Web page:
LYNNWOOD — Aaron Burke isn’t the only pirate fanatic in Snohomish County.
On a recent birthday, he took about 20 fellow scalawags to Vessel Taphouse near Lynnwood, with nearly all of them decked out in eyepatches, tricornes and swashbuckling gear.
“It’s a huge identity thing for me. I’ve been into pirate culture for many, many years, and I was excited when Vessel first opened,” said Burke, a Microsoft employee whose home is festooned with model ships and octopus art. “You can pull up in full pirate garb at 5 p.m. on a Thursday and nobody blinks. I’ve done that.”
But in the past week, the venue lost the part-time pirate — as well as staff, bands and other customers — over a show with advertised discounted prices for people sick with COVID-19.
“Come see the show, maybe catch the virus or just stay home and whine,” Vessel Taphouse posted to Facebook last Friday. “Tickets 10 bucks or 6 with proof of Omicron positive test!!”
The so-called “I’m too sick to attend” show sparked a firestorm of backlash at 15615 Highway 99. Owner Steve Hartley said four employees quit and three bands refused to play another show that weekend, including headliner Atrocity Girl, a Seattle-based rock band.
They later added: “catch our next SAFE show at Jules Maes Saloon next Saturday.”
Hartley told The Daily Herald the post was “an ill-advised attempt at humor,” and the responsible employee has since been let go. The employee’s identity is being protected, he said, due to “pretty nasty” online comments.
“We were getting comments that we were trying to infect the public,” Hartley said. “Clearly we have no interest in that. People aren’t going to come and drink if they get sick, and we know that.”
Screenshots of Vessel’s since-deleted post made their way into local community and music forums, where some called for people to stop patronizing the pirate bar. Others criticized the venue’s response: a slew of posts offering apologies, explanations and discounted drinks. All were quickly deleted.
Hartley said the post stemmed from frustrations over people and bands who are hesitant to turn out due to the pandemic. When bands have been paid some money up front and then back out last-minute, he said, “it’s hard for us to hold them accountable for obvious reasons.”
Burke, the pirate enthusiast, lives a quick drive away from Vessel. He says the local pirate community is bigger than you might expect.
“We’re everywhere,” he said.
The bar’s response, he said, feels like a “classic non-apology.”
He pointed to an online message from “Vessel’s Legal Counsel” informing people of their First Amendment rights and saying: “If you don’t feel safe in a public setting, please don’t come to Vessel.”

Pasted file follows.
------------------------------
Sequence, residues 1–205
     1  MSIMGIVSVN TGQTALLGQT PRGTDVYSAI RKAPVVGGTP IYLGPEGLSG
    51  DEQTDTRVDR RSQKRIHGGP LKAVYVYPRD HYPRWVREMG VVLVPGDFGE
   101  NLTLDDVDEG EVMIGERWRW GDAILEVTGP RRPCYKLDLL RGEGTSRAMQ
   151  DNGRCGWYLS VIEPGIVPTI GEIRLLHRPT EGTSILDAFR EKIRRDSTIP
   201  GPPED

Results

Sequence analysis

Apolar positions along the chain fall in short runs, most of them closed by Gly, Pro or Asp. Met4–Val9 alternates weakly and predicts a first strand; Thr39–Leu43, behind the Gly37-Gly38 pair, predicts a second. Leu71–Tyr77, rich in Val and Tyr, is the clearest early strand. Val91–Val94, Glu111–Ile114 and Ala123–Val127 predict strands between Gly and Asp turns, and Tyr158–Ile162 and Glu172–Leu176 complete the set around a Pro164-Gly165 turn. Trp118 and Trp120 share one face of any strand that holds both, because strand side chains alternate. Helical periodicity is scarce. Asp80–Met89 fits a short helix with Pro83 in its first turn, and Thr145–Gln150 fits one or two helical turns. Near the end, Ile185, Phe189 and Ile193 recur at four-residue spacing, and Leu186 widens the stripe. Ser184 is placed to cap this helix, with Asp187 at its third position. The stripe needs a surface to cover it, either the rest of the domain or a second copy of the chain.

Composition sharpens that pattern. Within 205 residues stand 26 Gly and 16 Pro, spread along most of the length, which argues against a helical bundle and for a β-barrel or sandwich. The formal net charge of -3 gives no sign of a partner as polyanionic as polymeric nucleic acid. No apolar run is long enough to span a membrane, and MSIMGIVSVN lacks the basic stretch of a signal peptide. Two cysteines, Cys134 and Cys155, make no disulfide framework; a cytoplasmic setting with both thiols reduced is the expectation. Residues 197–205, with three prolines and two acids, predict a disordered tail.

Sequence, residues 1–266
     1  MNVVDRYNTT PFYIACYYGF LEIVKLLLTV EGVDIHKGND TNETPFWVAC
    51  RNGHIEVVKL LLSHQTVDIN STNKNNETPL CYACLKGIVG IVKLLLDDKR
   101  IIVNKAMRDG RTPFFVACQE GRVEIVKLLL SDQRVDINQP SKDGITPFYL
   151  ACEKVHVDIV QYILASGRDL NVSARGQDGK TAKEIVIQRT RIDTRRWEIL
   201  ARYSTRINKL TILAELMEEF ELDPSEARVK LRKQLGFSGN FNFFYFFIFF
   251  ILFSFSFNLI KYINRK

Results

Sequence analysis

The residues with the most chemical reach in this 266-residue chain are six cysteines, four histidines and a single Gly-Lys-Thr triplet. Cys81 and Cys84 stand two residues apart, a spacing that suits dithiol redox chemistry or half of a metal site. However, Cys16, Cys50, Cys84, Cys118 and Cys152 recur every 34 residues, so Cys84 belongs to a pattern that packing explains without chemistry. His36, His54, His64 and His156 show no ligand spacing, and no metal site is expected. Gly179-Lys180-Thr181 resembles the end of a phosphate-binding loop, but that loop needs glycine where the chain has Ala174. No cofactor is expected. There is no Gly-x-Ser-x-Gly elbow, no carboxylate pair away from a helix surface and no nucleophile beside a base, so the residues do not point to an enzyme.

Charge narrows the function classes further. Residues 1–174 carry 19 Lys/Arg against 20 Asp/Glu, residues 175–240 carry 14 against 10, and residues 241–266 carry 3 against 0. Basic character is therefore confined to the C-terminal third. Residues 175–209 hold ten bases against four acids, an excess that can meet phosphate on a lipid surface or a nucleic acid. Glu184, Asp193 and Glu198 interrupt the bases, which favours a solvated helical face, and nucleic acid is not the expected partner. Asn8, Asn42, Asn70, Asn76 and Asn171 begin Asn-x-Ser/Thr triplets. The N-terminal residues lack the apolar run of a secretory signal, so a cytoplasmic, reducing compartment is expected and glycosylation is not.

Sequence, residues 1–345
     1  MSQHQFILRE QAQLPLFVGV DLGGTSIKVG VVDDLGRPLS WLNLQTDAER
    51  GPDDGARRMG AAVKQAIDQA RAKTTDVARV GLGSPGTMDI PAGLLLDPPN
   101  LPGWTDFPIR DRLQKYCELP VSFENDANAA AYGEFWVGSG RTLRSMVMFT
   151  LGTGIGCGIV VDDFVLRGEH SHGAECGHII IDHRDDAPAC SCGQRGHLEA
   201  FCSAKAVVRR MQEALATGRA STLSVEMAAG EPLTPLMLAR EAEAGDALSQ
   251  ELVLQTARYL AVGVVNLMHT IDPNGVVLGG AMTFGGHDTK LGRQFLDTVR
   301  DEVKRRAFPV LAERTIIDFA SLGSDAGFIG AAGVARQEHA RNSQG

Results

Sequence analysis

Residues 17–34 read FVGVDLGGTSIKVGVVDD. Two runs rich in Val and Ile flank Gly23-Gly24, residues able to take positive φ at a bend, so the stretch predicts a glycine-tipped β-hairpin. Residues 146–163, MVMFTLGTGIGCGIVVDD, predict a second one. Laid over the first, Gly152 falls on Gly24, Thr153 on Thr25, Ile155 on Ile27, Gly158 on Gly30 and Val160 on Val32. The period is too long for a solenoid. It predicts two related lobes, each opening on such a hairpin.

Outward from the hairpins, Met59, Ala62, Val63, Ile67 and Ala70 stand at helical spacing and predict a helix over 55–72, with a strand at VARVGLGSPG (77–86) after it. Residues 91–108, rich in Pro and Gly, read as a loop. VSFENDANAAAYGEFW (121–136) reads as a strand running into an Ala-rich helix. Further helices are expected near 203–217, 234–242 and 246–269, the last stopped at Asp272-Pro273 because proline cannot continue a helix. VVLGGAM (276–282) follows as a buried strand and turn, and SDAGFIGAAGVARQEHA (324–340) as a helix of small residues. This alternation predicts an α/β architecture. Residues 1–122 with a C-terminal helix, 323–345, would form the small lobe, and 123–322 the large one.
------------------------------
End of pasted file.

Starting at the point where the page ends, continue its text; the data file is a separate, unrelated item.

“I feel like they’re trying to play the victim,” Burke said. “If they can’t stand by what they’re saying for more than 24 hours, then why are you saying it at all?”
Burke and Lynnwood electrician Kevin Brighton both said they would like to see the bar up its safety protocols.
“I think the opportunity was missed with the stance the owners of that establishment have taken,” Brighton said. “And it’s echoing really hard in the community. Regardless of their personal beliefs and stuff, they’re wanting our business and we want to give them the business. But we want to do it on these terms.”
Burke said many in the local “geek community” will likely steer clear of the whimsical bar, but others have seized the opportunity to support the joint. Hartley said there are still enough employees to host shows.
Spokane musician Bret Allen, of Bret Allen and the Northern Rebels, was to play Thursday in what he described online as a “response party.”
“This cool ass bar is under attack by vax happy anti freedom type folks,” he posted online. “So it’s up to good people to stand up for what’s right.”
Vessel seems unlikely to require proof of vaccine, as some have suggested. Unless Snohomish County requires it, the bar told customers, “we’re not going to do this.”
One Vessel bartender who recently quit, and asked to remain anonymous, told The Herald that bar staff followed public health guidance. Owners, she said, never encouraged people to shirk state or local directives. She said the frustration that precipitated the bar’s controversial post is understandable.
“But that was the wrong way to vent it out,” she said. “I, and most of my friends, will not be back. That bridge is burned.”
Customers, Hartley said, “have wildly different opinions” on the bar and public health measures.
“So it leaves us in a lurch on not really knowing what to do,” he said.
Hartley said the bar hasn’t been able to pay rent, and was forced to let employees go, who will now “be in pretty dire straits in terms of paying their rent and feeding themselves.”
A Facebook post this week read: “we fully encourage EVERYONE, regardless of your beliefs or thoughts on these issues, to come in for REASONABLE and THOUGHTFUL debate with your fellow patrons.”